Constructing a quilt in a monochromatic color scheme allows you to limit the quilt's palette all while creating high visual interest; making an all black and white quilt, for example.
However, you can also create a more dull or soothing quilt by choosing shades that have a lower contrast; such as brown and tan.
Monochromatic prints are some of my favorite fabrics to "stash" as they are easier to match and pair with busy or more colorful prints. They play well with others, so to speak.
Here are some of my favorite examples of new and upcoming fabric from today's featured trend:
What are some of your favorite monochromatic prints?
My grandmother's kitchen at one time had a black and white checkerboard floor, white cupboards and tile counter tops, and a red cast iron sink. I really loved the retro feel of that kitchen and spent many hours there watching her cook and bake. I was thinking of it today when I chose the fabrics for this palette of the week.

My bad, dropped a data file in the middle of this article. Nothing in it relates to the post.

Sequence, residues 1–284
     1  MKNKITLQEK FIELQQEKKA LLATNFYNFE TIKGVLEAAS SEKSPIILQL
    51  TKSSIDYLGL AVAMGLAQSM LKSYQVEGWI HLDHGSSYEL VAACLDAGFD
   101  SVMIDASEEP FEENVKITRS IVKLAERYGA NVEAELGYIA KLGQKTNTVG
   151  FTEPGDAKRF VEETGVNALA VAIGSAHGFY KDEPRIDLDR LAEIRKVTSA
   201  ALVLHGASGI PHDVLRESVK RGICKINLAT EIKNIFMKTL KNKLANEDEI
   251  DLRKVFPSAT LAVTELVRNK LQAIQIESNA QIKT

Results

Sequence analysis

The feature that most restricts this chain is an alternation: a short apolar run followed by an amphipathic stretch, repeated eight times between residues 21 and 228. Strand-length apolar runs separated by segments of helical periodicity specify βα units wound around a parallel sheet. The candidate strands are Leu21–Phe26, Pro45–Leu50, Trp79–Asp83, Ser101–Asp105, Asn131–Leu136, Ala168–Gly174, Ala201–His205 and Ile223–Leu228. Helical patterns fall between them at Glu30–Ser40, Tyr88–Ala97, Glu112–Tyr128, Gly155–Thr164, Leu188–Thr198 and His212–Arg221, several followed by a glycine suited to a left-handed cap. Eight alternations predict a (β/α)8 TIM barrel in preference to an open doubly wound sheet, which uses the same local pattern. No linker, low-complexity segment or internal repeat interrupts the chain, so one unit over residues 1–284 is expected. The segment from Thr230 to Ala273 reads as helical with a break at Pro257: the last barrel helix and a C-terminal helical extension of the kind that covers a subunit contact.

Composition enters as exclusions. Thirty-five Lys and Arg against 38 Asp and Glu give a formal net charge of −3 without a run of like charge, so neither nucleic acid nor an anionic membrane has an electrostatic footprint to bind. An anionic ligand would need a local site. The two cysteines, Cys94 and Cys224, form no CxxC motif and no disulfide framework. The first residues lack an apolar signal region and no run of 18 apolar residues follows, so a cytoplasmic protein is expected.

Of course, I threw in a little grey for good measure ...
Welcome to another fabric filled edition of Fat Quarter Shop Friday where we bring you information and insight from some of your favorite fabric designers!
Today, we're welcoming husband and wife design team Jason Rector and Cynthia Mann. Together they collaborate under the name Jay-Cyn Designs (what a clever name!) and have just released their second line with Birch Fabrics, Storyboek!
A fun and fantastical children's line, Storyboek draws on Cynthia's childhood memories and mixes Dutch themed artwork with playful images of children and wildlife. The line is printed on 100% organic cotton.
RWQ: Welcome Jason and Cynthia. Its nice to speak with you both today, please tell the readers a little bit about yourself. How long have you been designing fabric? What is your design background?